Working in development, we can only hope for our outputs to receive the same uptake as these innovations developed informally by hackers. Perhaps acknowledging the merits of informal innovation and borrowing from their design process – which focuses on present user needs in a resource-constrained situation – could get us closer to the game-changing products Steve has documented on the ground.

Steve Daniels presented at D. Talks, a forum that convenes the development community in cities where Dalberg offices are located. D. Talks aim to drive dialogue and critical thinking on global development issues and create networking opportunities for development professionals.

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Direct-to-Farmer Finance: Business models for serving the hardest-to-reach smallholders

By Laura Goldman

smallholder farmer Kenya

A smallholder farmer in Kenya. Photo by Elyse Marr.

An estimated 90 percent of smallholder farmers lack strong, consistent relationships with buyers – and the access to finance, inputs, agronomic training and other support that typically accompanies those relationships.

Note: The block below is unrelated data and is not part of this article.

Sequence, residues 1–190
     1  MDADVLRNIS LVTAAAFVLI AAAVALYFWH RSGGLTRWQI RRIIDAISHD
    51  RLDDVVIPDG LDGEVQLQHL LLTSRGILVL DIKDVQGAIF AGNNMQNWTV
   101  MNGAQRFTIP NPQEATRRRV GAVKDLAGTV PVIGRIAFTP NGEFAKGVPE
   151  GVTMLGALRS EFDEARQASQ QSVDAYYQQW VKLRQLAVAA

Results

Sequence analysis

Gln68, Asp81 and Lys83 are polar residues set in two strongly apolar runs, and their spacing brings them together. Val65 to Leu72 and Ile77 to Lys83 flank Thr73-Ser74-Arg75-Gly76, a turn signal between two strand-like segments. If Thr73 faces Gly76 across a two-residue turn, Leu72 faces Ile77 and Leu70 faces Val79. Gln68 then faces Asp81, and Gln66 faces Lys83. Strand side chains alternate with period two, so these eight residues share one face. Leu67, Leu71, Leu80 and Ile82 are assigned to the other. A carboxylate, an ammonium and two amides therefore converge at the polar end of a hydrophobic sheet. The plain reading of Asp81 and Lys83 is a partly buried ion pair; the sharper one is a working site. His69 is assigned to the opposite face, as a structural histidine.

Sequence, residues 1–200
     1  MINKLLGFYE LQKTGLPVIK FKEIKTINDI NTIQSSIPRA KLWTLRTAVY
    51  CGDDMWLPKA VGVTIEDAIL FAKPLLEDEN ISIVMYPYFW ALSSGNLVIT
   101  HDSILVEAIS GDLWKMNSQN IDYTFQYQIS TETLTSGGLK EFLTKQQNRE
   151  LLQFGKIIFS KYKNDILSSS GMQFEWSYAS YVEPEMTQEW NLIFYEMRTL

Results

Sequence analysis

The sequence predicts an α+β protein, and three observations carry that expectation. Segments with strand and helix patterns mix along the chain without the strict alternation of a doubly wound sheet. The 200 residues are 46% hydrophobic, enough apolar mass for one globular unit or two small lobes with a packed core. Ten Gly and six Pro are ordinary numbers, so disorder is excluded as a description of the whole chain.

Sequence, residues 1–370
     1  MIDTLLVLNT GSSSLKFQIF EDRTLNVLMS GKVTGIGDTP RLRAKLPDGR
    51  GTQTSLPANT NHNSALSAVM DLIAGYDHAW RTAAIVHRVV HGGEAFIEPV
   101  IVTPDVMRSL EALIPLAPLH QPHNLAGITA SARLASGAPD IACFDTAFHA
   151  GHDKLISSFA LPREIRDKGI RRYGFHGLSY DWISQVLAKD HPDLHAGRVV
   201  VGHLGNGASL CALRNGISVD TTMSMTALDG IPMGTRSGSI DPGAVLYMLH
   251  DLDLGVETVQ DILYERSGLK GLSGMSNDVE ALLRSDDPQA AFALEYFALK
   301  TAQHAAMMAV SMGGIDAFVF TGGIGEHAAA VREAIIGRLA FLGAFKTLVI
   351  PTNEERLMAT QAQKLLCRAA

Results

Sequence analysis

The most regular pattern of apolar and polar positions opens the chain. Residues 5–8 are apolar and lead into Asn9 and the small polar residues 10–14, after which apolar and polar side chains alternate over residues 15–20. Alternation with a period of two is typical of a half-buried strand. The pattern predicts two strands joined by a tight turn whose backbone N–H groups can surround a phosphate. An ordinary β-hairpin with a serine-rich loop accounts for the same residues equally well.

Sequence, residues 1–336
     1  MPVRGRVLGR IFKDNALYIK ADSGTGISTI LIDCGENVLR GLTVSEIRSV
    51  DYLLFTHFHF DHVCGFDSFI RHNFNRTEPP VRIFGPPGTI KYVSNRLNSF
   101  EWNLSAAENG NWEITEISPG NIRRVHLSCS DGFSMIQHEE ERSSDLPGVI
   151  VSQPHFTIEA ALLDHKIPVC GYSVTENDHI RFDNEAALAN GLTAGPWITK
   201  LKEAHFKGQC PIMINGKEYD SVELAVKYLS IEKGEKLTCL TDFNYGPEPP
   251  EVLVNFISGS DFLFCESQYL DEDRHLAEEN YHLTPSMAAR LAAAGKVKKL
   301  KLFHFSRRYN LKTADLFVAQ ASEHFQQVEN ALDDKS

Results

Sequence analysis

The way these smallholders operate – outside a tight value chain, on a relatively small landholding, and with limited commercial activity – makes it difficult for financial providers to reach them. Direct-to-farmer finance is an important pathway through which these farmers can gain access to credit and other financial services that will help them improve their yields and lives. A new briefing from the Initiative for Smallholder Finance, with research from Dalberg, explores the over 150 finance providers who offer finance directly to smallholder farmers globally.

These “direct-to-farmer finance providers” range from state and agricultural development banks, to informal financial institutions, and everywhere in between. Through our research, we observed that providers’ specific approaches to direct-to-farmer finance cluster around four business model archetypes: Build & Integrate, Build & Partner, Leverage & Network, and Extend & Mobilize.

Understanding the following four archetypes can help funders, investors and finance providers better align models across smallholder farmer segments and identify opportunities to address scaling challenges: